Hidden Figures isn’t a ground-breaking movie, and there are bits in which Melfi and Schroeder “tweaked” the story to fit the movie conventions (astronaut John Glenn, played by Glen Powell, did indeed specifically request that Katherine personally perform the trajectory calculations for his orbital flight in 1962, but several weeks before the event: Melfi and Schroeder couldn’t resist the transparent movie device of having him make the request while he’s already on the launching pad at Cape Canaveral getting ready to enter his capsule), and I can think of a few minor flaws. According to, director Melfi wanted to create a visual difference between the “cold” sets of sterile offices at NASA where the calculations were made and the “warm” environments in which the women lived when they weren’t at work, but alas, the way he and cinematographer Mandy Walker did that was to shoot the women’s home environments in full-out past-is-brown mode. As I pointed out in my comments on the film Selma, the past-is-brown schtick is even more annoying in a film in which the central characters are Black because their brown skin tones tend to blend into the brown backgrounds and it’s not always easy to pick them out. Also Melfi hired Pharrell Williams to be the film’s music director and to write and sing a series of songs commenting on the action, and though his contributions aren’t bad, when the Black women are driving to Hampton and Ray Charles’ “Sticks and Stones” plays over their car radio as source music, I couldn’t help but exclaim, “At last! A great record!” Williams’ contributions aren’t bad (there’s nothing here as infuriatingly banal as his song “Happy” — for a long time I’d thought Bobby McFerrin’s “Don’t Worry, Be Happy” was the most banal song that would ever be written about happiness, but Williams surpassed him), but I couldn’t help but wish through much of the film that Melfi had gone with a deeper, richer African-American singer-songwriter (like Rhiannon Giddens, maybe? It would have been especially appropriate in a film about both Blacks’ and women’s empowerment to have an African-American woman instead of an African-American man on the soundtrack). Also Glen Powell is cute and fun to look at but was way too young to be playing John Glenn, who at 41 was the oldest of the original seven Mercury astronauts and was (famously) already virtually bald — Ed Harris, who played Glenn in the film The Right Stuff, was closer to the real one in both appearance and mannerisms.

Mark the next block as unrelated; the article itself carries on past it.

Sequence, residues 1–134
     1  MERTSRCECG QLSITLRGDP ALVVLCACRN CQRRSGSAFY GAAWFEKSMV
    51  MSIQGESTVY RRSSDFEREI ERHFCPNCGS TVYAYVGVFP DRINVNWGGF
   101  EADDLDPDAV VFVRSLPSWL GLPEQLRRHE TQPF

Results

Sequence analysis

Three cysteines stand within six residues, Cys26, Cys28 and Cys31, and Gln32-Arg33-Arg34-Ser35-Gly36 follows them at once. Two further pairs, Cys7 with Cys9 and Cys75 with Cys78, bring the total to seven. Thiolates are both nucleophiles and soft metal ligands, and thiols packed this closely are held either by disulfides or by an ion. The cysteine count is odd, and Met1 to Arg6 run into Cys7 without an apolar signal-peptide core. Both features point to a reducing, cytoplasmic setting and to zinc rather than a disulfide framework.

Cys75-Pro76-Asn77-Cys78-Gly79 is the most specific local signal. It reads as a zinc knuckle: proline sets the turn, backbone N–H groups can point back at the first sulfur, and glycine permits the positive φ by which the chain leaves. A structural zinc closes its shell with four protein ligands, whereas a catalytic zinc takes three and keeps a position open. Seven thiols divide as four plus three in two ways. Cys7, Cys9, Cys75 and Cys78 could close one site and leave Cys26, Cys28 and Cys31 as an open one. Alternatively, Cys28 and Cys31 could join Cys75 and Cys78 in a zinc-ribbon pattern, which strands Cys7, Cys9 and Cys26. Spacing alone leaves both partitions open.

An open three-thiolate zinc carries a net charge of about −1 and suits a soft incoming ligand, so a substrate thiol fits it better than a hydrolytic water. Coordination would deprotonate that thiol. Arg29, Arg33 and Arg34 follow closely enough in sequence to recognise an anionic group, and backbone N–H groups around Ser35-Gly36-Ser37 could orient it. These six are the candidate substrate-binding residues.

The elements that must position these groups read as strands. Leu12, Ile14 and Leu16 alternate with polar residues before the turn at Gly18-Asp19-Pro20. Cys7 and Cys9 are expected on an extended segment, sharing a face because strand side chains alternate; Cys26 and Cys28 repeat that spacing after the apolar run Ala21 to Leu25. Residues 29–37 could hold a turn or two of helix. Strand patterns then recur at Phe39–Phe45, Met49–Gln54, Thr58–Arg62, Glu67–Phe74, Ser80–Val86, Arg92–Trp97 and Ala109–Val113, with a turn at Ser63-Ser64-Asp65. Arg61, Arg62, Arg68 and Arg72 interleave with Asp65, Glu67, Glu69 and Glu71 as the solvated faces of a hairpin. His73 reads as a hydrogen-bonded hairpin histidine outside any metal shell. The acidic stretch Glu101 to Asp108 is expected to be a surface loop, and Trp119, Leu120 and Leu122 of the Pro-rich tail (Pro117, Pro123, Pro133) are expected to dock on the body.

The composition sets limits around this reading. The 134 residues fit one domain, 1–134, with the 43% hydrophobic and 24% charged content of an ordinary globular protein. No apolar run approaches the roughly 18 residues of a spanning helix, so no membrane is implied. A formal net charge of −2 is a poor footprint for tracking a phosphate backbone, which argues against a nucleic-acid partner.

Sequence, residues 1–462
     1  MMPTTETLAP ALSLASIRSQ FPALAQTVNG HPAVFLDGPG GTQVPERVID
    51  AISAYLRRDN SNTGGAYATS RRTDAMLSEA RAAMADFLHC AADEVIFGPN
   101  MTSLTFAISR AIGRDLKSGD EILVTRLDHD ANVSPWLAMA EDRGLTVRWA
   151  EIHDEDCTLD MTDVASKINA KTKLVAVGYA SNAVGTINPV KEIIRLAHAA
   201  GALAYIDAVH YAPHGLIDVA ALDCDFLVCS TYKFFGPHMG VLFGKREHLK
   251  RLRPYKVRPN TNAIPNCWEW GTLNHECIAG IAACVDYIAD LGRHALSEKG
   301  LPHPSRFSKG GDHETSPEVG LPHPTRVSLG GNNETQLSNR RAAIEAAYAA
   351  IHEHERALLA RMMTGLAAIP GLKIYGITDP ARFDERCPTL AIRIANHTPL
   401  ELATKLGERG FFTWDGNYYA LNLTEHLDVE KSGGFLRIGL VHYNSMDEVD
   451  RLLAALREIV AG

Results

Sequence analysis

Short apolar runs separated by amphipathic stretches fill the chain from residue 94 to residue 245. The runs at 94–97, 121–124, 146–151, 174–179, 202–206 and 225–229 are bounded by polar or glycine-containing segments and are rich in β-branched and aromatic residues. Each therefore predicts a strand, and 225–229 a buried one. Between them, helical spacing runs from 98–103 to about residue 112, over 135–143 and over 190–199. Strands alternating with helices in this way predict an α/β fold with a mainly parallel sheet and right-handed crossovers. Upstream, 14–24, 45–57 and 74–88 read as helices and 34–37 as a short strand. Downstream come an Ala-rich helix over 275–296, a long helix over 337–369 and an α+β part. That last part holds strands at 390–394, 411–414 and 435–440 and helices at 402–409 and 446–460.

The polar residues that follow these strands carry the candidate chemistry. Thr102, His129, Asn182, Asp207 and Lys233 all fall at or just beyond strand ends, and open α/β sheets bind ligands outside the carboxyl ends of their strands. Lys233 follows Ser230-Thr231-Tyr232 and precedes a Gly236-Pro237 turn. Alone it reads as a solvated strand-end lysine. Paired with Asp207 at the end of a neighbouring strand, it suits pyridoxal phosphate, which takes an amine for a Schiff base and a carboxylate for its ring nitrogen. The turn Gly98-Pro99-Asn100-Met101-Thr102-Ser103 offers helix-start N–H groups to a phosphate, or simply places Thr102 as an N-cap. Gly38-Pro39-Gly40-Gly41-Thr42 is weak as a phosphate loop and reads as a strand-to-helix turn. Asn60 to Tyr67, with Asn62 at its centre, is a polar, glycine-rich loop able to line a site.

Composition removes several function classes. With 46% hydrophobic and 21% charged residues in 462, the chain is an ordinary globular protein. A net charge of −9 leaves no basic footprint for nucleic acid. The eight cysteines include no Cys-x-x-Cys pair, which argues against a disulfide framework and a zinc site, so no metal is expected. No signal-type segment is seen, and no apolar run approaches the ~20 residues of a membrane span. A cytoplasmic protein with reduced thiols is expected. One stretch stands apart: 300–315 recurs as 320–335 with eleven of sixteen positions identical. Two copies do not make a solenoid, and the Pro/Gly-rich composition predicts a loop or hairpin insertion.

But what’s wrong with Hidden Figures is virtually irrelevant compared to what’s right about it: obviously the filmmakers wanted to create an inspirational tale about heroic Black women who beat all the odds and not only made their contributions to the U.S. space program, but (at least eventually) got honored for what they did — and in that they succeeded magnificently. I suspect the only reason Hidden Figures got short shrift in the Academy Awards was that it was up against two other major Black-themed movies, Moonlight (the eventual Best Picture winner — at least once they got the mixup with the envelopes sorted out!) and Fences (indeed, the two films got so confused that during the Golden Globes Hidden Figures was often referred to as Hidden Fences), but Hidden Figures is a magnificent film in every way, impeccably acted, strongly directed, sensitively written. It’s also one of those movies that plays very differently in the Trump-era Zeitgeist: it’s impossible to watch President John F. Kennedy (depicted in a stock clip of his famous “We seek to go to the moon, and to do all these other things, not because they are easy but because they are hard” speech) and not make invidious comparisons between the way we were governed then and the way we’re governed now, and between a President who spoke to uplift us and the current one, who speaks to bring us all down to his level of evil, malevolence, pettiness, and spite.